Why My Mother was Right About Float Therapy

I'm of Dutch heritage, so it should be of no surprise that I have blue Dutch Delft scattered throughout my house.

Years ago (I don't dare tell you how many years ago), my mother gifted me with a small square Delft wall plaque that declares--in Dutch--"No one receives a work list for their life".

That's a big thought for such a small plaque.  And those words have served me well.

You get the gist of what my mother was trying to tell me, right?

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What's Your Agenda?

When you think about your floating agenda, there are a few ways to apply my mother's saying: "No one receives a work list for their life."

First, you--and only you--need to figure out why you want to try float therapy. 

Before you ever slip into that chamber of warm water, you should give some serious thought to what benefits of floating you especially want to experience.

Are you floating only to de-stress?  To better manage some chronic pain? To obtain a more sustained meditative state? To heal some nagging injury?  To chase lucid dreaming? To practice visualizing some athletic move or some presentation you have to give at work?  To brainstorm a new art idea?

I think you get the point.  Before you float, take the time to make some decisions about what you want from your float.

Do that and you are well on your way to maximizing the benefits of your float.

How Do I Negotiate With my Brain?

Once you are settled inside your float chamber, you will have to negotiate with your brain.

There comes a point where your brain--starved of the stimuli of sight or sound or touch--frantically throws out mental chatter.  Lying supine in the water, your monkey-mind shifts into high gear.

"Did I leave the stove on? Was that Max I saw on the street the other day? Where the hell have the last ten years gone? Did my boss like my presentation? When are they going to promote me at work? Oh, wasn't that cardinal the most brilliant red you've ever seen?

As you stretch out in the warm water, your brain snatches at anything and everything.

One moment your brain is spitting up the most trivial observations:  "That guy at the coffee shop had the brightest orange socks I've ever seen." The next moment, your brain is confronting you with a big question:  "When am I finally going to do something about buying a cottage for our family?"

You--and only you--can deal with what your brain is doing.

How?

Paradoxically, you negotiate with your brain by not negotiating at all.  You take control by resolving to surf the waves of mental chatter that your brain throws up at you.  You--and only you--can decide to stay calm, not try to control what's happening.  Rather, just skillfully ride the waves.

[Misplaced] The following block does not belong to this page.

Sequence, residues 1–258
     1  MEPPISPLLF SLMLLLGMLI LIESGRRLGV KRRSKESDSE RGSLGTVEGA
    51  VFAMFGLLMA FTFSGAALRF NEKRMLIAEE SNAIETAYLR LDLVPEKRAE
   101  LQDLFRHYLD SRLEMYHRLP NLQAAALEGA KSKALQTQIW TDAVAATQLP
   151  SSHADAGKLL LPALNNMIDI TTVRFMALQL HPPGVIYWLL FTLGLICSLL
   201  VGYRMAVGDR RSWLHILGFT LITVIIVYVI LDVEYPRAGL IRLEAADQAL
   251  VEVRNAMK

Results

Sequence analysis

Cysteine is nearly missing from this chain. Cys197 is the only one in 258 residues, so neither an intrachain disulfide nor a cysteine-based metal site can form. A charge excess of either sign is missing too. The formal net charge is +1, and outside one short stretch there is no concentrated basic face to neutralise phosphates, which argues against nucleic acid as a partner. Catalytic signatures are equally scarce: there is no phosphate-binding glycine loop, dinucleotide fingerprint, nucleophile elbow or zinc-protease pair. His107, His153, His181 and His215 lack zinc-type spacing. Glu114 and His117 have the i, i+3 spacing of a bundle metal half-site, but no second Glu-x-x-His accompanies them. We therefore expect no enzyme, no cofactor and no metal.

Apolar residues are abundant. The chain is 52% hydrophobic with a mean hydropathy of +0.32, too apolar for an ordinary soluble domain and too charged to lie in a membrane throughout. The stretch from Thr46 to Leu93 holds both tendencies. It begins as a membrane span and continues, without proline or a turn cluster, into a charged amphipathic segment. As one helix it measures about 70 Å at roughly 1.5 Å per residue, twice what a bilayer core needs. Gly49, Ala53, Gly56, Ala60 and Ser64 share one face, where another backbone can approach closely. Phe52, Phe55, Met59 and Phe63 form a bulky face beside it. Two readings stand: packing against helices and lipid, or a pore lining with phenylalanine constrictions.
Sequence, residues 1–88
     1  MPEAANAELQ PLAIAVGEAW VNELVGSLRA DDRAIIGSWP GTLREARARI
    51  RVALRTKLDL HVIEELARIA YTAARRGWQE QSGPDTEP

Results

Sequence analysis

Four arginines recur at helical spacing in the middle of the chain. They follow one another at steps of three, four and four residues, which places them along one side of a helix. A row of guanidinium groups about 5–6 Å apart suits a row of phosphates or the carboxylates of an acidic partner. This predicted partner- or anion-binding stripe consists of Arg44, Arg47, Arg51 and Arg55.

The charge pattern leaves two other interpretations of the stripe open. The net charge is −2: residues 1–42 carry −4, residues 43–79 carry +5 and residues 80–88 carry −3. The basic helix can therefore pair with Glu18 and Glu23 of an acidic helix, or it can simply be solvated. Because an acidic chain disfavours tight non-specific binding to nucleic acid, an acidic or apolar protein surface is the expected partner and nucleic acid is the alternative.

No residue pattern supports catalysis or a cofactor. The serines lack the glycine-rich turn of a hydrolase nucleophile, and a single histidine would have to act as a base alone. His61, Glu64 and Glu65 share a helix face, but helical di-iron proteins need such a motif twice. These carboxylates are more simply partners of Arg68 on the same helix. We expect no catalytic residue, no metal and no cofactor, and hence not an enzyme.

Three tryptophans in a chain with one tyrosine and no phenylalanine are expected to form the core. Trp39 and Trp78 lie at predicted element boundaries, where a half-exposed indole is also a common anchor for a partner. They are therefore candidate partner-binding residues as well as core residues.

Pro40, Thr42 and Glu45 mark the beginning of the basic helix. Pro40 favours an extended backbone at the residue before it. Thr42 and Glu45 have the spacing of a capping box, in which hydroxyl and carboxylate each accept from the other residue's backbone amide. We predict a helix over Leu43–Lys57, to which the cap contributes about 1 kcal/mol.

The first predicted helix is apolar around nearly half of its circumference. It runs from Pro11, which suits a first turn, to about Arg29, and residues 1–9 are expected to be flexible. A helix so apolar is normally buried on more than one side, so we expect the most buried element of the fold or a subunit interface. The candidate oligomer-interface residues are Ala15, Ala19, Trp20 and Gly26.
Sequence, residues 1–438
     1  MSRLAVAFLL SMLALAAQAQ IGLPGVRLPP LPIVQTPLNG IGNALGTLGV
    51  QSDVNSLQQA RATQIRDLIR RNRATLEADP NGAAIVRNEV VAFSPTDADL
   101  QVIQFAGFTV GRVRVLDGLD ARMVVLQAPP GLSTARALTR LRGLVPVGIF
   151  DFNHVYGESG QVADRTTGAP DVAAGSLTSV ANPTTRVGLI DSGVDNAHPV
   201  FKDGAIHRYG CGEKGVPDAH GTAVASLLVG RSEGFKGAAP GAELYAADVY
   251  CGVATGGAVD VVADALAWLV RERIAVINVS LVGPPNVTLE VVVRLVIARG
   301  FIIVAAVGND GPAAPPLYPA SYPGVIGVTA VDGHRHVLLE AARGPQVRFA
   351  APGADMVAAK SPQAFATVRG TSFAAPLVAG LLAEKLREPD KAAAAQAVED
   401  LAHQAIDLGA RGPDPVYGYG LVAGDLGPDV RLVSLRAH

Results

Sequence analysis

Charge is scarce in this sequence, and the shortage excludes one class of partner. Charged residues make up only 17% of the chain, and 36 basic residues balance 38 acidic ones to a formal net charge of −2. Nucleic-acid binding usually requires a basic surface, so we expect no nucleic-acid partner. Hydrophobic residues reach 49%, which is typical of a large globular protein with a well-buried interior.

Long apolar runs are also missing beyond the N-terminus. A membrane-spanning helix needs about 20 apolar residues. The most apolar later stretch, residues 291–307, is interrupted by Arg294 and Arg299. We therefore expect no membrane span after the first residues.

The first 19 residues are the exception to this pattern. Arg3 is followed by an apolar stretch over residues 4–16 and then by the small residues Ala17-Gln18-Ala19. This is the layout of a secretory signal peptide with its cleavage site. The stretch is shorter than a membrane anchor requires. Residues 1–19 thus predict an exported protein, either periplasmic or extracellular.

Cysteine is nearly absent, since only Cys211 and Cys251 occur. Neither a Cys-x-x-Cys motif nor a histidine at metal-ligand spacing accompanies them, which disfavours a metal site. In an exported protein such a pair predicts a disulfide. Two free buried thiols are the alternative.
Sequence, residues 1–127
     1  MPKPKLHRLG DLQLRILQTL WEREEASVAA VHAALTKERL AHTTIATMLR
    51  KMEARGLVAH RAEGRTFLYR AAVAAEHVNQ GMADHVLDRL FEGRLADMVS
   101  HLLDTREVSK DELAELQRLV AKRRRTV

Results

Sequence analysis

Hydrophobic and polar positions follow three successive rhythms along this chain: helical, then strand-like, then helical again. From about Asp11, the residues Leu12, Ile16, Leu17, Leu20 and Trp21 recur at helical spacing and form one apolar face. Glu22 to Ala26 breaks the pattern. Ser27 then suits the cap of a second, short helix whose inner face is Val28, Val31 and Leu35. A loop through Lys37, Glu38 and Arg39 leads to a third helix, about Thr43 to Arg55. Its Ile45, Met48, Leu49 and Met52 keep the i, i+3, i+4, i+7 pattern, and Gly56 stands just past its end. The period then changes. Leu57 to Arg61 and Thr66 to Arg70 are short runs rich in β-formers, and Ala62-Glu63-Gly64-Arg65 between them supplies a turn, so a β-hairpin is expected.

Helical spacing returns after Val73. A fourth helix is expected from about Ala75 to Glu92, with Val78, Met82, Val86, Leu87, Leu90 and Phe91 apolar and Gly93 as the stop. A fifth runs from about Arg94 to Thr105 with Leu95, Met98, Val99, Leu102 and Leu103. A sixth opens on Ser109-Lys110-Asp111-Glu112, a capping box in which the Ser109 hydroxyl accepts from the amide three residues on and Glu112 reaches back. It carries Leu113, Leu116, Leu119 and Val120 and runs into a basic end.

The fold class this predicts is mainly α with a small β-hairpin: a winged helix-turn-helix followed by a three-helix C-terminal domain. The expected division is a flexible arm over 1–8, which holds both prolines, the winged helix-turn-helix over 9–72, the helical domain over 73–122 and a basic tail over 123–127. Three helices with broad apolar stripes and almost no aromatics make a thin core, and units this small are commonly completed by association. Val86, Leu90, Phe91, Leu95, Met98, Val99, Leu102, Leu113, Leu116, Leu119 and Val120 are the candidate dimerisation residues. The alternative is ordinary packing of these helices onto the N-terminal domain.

If you do that, soon you will accompany yourself across the choppy sea of busy thoughts to that island of peaceful quiet that is waiting for you. 

Do you think you can do that?

Now, It's up to You

Inside that float chamber, you'll finally drift into that deeper, quieter state.

Things become much clearer, even though your eyes can't see a thing.  You body and your mind deliver you into a deeply relaxed state.

Now, it's time to revisit your original intentions that you formed before you stepped into your float chamber. 

Let me give you a few examples:

Is this relaxed state where you want to stay for the rest of your float? Or do you also want to start paying attention to those deep muscle tensions that have been plaguing you? Is now the time to invite some lucid dreaming? Or do you want to visualize that nifty hockey move that has been eluding you on the ice?

Maybe you find yourself slipping into a meditative state of deep presence, and you want to stay with that.

It's up to you. But, in any case, be sure to re-visit your original intentions for floating.

One Final Question

After your float is done, there's one more question that only you can answer.

You--and only you--can decide if you are going to float again.

Before you answer that question for yourself, take the time to observe, to collect some evidence.  What happens in the hours and days following your float?  What improvements have you spotted?

For example, did your sleep patterns change?  How?  What did your relaxation do for your mental clarity? Did your visualizations in the float chamber help you prepare as you hoped they would?  How long before your stress rachets up your spine and neck again?

You might want to keep a daily journal to jot down your observations.  Then you will be better prepared to decide when you will need to float again.

After all, your mother can't decide that for you.  Only you can.